Fresh, old-school Italian cuisine served in a bustling eatery that's a favorite among celebrities.
While You're Waiting
When native Italian Ciro Longobardo and renowned chef Tony Priolo teamed up to open Piccolo Sogno, they had modest aims. The restaurant's name translates to “little dream,” and theirs was to recreate the experience of Italian dining—a simple, neighborly affair—in Chicago. What began as a little dream has quickly turned into one of the most talked-about restaurants in the city, thanks to Priolo’s wide selection of regional Italian dishes and an open-air patio that earned the Chicago Reader's pick for Best Alfresco Dining in 2012. On warmer nights, a canopy of green and purple foliage traps the aromas of Priolo’s hand-tossed pizzas, Milanese pork loins, and Mediterranean sea bass. Though he spends much of his time on managerial duties, Longobardo’s contributions to the menu should not be overlooked. The vino specialist has curated a list of more than 400 Italian wines, each carefully chosen for its distinctive and complementary flavors. The knowledgeable staff can recommend one of these wines to pair with a homemade pasta dish or sip solo, either on the patio or amid the cerulean hues and sparkling chandeliers of the restaurant's luxurious dining room.
For the night owls of Chicago, just because it?s after midnight doesn?t mean that no one?s hungry. The folks at Jefferson Tap & Grille understand that, supplementing their bevy of beverages with an extensive menu available until the wee hours. Open for lunch and until at least 2 a.m. every night of the week?and until 4 a.m. Thursday?Friday and 5 a.m. on Saturday? they fuel after-hours revelry with hearty sandwiches and burgers, thin-crust pizzas with homemade sauce, and a respectable selection of gourmet appetizers. Classic brews stand ready to wash down each bite, the taps flowing with an ever-growing craft beer selection.
Vivo brings Randolph Street Market District diners Italian cuisine that's simple yet high quality, like the relativistic wave equations of Ettore Majorana. Begin your tour of Vivo's dinner menu with the wood-grilled asparagus and roasted peppers appetizer ($8) or the bruschetta starter ($8) before opting for a pasta entree, such as the rigatoni ($17) with Italian sausage and peas or the gnocchi ($17) with parmesan cream and black-truffle essence. Carnivores wishing to break in their new teeth will make molars merry with the grilled lamb chops ($35) with sautéed spinach and roasted potatoes, whereas old-timey deep-sea explorers can safely remove copper diving helmets for consumption of the wood-grilled Atlantic salmon ($28) with vegetables, or sautéed sea scallops ($30) with sautéed spinach and mashed potatoes. Vivo also offers ravioli, fish, and meat entrees that change daily. An extensive wine list includes both domestic and international labels.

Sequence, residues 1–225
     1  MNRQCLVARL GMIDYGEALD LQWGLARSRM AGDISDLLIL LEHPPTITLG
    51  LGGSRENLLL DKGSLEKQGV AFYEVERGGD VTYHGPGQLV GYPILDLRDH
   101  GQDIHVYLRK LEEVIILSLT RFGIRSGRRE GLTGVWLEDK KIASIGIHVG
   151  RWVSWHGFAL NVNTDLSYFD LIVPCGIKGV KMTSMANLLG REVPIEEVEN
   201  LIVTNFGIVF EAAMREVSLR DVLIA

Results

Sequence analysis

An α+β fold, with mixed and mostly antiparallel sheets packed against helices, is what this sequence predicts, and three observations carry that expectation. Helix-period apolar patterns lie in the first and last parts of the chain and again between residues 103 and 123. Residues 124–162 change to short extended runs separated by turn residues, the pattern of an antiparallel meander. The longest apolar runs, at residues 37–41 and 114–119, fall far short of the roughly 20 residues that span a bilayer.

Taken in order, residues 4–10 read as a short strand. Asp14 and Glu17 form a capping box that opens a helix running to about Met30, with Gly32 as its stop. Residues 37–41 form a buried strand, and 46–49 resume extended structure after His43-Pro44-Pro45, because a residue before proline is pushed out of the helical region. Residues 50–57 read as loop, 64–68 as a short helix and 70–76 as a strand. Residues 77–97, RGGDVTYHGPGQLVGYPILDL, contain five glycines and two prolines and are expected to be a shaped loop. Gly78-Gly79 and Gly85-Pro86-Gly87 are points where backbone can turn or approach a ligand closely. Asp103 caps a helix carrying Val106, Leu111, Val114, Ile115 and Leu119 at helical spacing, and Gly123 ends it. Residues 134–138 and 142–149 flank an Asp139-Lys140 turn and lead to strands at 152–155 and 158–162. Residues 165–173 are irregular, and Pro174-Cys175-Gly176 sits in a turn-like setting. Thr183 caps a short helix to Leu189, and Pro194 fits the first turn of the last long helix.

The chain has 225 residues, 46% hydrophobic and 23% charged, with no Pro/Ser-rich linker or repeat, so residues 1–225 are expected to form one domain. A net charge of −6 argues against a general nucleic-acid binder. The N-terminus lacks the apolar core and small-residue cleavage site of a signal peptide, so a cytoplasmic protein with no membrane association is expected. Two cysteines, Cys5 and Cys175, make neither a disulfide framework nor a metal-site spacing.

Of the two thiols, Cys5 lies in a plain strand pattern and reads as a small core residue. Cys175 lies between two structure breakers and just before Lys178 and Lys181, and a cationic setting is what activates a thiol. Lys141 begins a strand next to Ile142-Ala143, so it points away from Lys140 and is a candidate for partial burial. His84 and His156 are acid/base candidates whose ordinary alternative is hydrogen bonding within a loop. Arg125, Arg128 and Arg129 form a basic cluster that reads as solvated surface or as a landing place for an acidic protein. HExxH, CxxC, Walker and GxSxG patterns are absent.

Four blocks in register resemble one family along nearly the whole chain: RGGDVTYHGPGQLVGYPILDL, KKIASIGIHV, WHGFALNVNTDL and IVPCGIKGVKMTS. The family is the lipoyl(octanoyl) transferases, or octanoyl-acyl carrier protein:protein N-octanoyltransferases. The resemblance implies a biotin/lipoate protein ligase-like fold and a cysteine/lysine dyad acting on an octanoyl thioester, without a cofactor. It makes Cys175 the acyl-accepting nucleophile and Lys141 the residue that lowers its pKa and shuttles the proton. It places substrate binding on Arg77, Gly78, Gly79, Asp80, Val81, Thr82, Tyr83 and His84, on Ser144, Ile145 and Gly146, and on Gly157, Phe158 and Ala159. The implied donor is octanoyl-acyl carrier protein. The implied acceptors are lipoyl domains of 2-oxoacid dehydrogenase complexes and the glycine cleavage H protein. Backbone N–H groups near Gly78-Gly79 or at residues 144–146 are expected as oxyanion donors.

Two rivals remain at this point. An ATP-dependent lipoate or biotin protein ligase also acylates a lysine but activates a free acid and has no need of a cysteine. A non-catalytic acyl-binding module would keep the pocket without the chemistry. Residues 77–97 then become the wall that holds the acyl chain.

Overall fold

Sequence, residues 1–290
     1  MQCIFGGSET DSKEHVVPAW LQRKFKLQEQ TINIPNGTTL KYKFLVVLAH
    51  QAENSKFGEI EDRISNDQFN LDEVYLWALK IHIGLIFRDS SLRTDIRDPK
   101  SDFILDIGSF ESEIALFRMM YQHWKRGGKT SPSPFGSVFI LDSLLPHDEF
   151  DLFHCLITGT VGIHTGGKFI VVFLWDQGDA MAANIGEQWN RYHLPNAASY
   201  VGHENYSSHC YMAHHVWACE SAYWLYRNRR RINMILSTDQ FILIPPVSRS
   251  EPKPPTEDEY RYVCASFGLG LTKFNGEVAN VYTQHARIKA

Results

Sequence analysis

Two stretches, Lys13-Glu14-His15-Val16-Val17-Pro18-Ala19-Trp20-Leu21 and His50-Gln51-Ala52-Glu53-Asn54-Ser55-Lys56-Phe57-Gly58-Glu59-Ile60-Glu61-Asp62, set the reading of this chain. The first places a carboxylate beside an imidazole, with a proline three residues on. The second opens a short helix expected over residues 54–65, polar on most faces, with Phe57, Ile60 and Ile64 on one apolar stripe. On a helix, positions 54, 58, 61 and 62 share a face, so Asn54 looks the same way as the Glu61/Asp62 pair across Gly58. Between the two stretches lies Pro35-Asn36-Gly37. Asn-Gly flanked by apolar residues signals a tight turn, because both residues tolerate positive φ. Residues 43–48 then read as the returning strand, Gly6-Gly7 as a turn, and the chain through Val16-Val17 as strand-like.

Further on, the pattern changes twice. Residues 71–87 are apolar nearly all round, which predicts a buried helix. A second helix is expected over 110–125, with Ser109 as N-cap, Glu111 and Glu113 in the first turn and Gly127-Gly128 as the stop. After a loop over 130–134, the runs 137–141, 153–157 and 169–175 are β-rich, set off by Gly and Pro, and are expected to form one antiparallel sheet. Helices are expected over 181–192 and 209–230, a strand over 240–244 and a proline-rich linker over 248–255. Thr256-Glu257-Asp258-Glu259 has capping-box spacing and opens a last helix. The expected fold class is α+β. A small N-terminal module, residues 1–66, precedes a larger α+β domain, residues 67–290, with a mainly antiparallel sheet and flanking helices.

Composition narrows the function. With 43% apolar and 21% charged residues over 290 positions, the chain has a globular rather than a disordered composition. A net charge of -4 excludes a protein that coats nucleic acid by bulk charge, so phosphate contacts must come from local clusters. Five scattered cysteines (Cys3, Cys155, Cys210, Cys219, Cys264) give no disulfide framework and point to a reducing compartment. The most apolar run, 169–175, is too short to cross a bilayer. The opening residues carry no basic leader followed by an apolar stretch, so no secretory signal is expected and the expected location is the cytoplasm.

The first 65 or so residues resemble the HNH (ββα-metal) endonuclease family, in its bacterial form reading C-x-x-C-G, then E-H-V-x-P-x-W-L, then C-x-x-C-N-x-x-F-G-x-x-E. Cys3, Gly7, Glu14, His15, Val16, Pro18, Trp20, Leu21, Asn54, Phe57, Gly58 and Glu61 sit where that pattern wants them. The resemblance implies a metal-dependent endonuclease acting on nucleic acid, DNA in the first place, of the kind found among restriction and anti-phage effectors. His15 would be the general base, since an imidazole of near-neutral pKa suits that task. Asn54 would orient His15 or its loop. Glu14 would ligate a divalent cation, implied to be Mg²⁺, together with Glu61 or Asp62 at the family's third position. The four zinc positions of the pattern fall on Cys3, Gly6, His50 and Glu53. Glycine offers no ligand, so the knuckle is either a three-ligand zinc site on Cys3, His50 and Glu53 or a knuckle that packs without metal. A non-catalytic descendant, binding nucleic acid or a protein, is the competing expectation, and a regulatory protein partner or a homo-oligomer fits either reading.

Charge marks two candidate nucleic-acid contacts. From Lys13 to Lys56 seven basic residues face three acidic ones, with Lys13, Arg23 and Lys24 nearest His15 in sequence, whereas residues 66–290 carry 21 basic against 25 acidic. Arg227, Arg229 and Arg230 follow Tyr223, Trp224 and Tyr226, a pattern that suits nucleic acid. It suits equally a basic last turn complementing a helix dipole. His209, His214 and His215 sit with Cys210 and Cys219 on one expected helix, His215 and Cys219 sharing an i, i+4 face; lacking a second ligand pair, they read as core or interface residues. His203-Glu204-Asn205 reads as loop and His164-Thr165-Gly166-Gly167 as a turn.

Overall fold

A broad range of Italian and American classics fill out a Teena Mia's menu of breakfast, lunch, and dinner dishes. Rich cups of Lavazza coffee accompany breakfasts such as stacks of pancakes drizzled with maple syrup and fried-egg sandwiches stacked with bacon, ham, or sausage. Their pizzas carry legions of toppings such as sausage, pineapple, jalapeños, and zucchini on a bed of melted shredded cheese. Customers can build their own pasta dishes by pairing their choice of noodle with rich marinara, alfredo, or vodka sauces or by hiring an architect to draft some blueprints on phyllo dough.
Chef John des Rosiers wants visitors to his restaurant-shop Wisma—which means home in Indonesian—to enjoy eating meals in their own homes as much as they do in a restaurant. Using organic and sustainable ingredients, many sourced from local producers such as Q7 Ranch and Anson Mills, he and his staff assemble and cook each dish before sealing it in a recyclable container for customers. They draw inspiration from the culinary styles of Europe, Asia, and the Americas, and craft every dish from scratch. On a normal day in their kitchen, the chefs may top handmade pizzas with housemade sausage and pesto, cook vegetarian incan quinoa and madras curry, and sear beef barbacoa for fajitas.
Desserts at Wisma are also a focal point, not an afterthought. Tres leches and double-chocolate cakes cleanse the palate after main dishes, as do six sorbet and ice-cream flavors such as lemon-basil sorbet and mint-strawberry ice cream. The staff also stocks small-batch wines and seasonally changing craft beers by the bottle, which customers can taste before they take home to plant and grow more bottles of wine or beer. Though many see it only briefly, the shop is filled with eclectic decor such as exposed brick offset by a yellow bike hung on one wall, cow-print and plaid chairs, and floral lampshades.